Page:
Currently in QA when I get the error message saying that the database has changed, I simply drop the database in QA.

In production, I don't have access to the database directly from my development machine so I can't run migrations on the production database directly.

What should I do?

Can I disable change tracking on production and simply manually modify the database by adding the new columns etc?

I'm using EF 6.1.1


In addition to setting the database initializer to null, as per @stevenrcfox, you might also want to look at generating a script to provide to a DBA to update the database. This is often useful in situations where the DBA has review processes they need to go through and needs to see and potentially modify the SQL before executing it.

To achieve this you can generate a script from package manager console, or migrate.exe, that that will move a database between two specific migrations. An example, direct from get-help update-database -detailed:

C:\PS>Update-Database -Script -SourceMigration Second -TargetMigration First

# Generate a script to migrate the database from a specified start migration
# named "Second" to a specified target migration named "First"

Alternatively, if you don't know what version the production database is currently sitting at, you can generate a mega-script that will take care of upgrading from any version. Again, from the Entity Framework NuGet powershell command help:

C:\PS>Update-Database -Script -SourceMigration $InitialDatabase

# Generate a script that can upgrade a database currently at any version to the latest version. 
# The generated script includes logic to check the __MigrationsHistory table and only apply changes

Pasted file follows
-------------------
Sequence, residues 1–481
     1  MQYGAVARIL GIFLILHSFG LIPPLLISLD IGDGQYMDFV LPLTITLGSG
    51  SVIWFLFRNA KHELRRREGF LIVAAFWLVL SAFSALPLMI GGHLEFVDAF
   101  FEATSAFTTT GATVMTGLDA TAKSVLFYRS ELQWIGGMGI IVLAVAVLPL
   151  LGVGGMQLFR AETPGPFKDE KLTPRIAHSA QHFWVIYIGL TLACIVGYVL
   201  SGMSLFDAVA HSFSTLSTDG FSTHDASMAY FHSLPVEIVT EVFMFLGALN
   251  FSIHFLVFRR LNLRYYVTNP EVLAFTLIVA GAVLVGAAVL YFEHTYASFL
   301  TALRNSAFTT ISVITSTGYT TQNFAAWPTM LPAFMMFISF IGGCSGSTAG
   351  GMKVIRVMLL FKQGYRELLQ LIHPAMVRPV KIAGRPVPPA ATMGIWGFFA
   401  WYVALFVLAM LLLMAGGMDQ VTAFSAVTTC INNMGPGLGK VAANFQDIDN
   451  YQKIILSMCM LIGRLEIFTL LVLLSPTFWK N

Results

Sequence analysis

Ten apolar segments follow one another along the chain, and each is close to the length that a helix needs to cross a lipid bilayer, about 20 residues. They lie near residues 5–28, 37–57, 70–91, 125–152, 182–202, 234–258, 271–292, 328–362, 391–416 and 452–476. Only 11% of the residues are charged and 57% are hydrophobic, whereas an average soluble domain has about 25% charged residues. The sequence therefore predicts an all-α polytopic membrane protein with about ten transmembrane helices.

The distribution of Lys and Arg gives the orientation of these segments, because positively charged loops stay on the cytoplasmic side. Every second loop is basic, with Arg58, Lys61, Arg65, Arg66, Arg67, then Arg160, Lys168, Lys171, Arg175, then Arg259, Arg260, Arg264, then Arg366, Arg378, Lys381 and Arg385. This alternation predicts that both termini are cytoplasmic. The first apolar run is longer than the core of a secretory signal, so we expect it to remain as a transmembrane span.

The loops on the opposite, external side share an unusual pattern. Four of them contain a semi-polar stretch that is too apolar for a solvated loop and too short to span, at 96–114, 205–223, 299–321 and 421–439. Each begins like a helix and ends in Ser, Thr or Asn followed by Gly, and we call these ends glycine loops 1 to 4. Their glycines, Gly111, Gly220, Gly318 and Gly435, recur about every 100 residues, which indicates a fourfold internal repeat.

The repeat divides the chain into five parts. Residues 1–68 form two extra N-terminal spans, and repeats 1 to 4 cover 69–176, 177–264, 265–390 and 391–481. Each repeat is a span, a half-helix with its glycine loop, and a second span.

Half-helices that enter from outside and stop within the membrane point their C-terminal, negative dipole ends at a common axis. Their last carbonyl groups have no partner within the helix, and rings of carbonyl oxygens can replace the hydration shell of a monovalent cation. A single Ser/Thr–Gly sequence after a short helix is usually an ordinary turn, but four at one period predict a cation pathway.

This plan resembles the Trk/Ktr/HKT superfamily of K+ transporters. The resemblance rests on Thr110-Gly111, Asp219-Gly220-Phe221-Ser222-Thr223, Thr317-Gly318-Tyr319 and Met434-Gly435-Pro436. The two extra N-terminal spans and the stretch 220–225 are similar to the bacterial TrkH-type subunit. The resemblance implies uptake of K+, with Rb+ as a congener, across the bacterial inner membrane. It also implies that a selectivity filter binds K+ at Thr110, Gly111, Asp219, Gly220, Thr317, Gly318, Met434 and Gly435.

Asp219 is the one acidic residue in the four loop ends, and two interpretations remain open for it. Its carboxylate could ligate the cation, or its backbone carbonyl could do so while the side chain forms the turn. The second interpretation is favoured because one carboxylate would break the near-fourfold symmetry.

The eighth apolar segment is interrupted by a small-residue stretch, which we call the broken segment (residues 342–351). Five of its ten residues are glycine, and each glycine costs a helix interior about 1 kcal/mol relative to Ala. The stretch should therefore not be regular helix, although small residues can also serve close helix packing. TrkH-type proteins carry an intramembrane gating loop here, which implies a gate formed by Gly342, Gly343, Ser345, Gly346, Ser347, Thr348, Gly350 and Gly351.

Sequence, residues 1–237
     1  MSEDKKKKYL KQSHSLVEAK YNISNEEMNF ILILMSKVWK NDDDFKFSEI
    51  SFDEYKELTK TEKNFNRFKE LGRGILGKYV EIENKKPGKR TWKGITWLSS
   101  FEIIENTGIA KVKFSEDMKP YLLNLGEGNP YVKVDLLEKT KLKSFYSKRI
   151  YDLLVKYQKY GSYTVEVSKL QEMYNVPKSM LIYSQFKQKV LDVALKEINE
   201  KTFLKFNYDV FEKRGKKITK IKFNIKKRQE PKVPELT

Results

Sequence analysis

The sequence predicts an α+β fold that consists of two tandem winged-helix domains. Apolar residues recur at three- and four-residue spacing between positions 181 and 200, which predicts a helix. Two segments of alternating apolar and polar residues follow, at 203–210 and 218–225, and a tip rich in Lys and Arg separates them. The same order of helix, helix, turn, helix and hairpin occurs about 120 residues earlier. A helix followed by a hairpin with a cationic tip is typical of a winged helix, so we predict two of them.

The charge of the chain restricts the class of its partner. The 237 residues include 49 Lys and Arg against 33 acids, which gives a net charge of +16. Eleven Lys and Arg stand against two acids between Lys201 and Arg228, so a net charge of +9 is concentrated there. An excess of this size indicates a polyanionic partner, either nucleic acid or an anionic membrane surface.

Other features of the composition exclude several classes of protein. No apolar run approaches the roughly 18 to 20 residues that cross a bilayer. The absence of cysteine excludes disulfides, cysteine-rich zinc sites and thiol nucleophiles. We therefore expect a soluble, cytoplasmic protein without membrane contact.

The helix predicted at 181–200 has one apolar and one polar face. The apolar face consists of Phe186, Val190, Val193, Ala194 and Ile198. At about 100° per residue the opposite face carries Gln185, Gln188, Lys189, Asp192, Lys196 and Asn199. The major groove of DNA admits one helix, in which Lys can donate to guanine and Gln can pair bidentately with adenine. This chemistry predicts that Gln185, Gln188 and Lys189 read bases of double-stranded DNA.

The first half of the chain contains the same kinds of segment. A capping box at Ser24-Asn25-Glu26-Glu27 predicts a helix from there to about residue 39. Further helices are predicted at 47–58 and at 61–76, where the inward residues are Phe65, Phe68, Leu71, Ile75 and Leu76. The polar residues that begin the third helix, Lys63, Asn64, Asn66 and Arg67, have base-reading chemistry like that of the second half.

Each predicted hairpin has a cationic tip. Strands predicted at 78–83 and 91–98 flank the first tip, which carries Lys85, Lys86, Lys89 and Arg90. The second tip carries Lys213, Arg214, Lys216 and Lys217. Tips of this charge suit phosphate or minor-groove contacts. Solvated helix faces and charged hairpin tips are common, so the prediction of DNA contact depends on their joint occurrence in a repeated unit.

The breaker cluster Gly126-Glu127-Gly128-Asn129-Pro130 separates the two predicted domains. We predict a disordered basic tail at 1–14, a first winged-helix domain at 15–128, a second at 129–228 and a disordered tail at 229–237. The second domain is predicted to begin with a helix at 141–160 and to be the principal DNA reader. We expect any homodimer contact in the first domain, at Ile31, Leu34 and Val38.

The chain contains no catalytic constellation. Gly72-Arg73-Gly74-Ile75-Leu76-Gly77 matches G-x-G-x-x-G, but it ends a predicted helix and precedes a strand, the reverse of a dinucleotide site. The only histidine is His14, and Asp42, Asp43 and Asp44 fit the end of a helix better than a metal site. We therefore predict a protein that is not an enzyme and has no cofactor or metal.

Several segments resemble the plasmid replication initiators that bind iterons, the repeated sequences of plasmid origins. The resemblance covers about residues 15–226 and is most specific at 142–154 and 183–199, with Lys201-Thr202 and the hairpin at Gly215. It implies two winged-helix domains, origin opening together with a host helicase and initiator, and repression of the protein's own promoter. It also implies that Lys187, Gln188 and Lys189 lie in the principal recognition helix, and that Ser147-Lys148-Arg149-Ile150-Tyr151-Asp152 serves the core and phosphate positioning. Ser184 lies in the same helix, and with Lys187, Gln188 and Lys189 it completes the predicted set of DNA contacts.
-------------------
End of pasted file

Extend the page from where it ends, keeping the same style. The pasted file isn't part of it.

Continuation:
# that haven't been previously applied.

A DBA might not like the results of this last one, though, due to its length and lots of irrelevant script given that the production database is only likely to need the last few migrations.


DBA can apply migrations from command line, using migrate.exe.

Note, that term "change tracking" means "track changes, made in entities". It isn't related somehow with model/database changes.

  • is it possible for me to delete the __migrations table and just do it manually? – public static Oct 15 '14 at 14:10
  • Of course this is possible. What approach is preferred for you? – Dennis Oct 15 '14 at 16:51
  • I prefer in production to make manual changes to the database schema (add new columns to tables etc) but when I do that EF should ignore the __migrations table. Possible? – public static Oct 22 '14 at 19:45

You can set the Database Initialiser to null, this is I'm assuming what you meant by 'disable change tracking'

This can be achieved by doing the following:


Your initialiser is most likely set to MigrateDatabaseToLatestVersion (possibly in the web.config)

Not using migrations on production is probably the safest, your application may not have permissions to edit table structures in production anyway!

  • If I don't disable, will it run migrations automatically? Or do you have to manually run migrate.exe or something? – public static Oct 15 '14 at 17:39
  • IIRC not by default, you can set it to automatically update, by extending MigrateDatabaseToLatestVersion & setting AutomaticMigrationsEnabled to true in the constructor (not recommended for production!) – stevenrcfox Oct 16 '14 at 13:28

Your Answer

By clicking “Post Your Answer”, you agree to our terms of service, privacy policy and cookie policy

Not the answer you're looking for? Browse other questions tagged or ask your own question.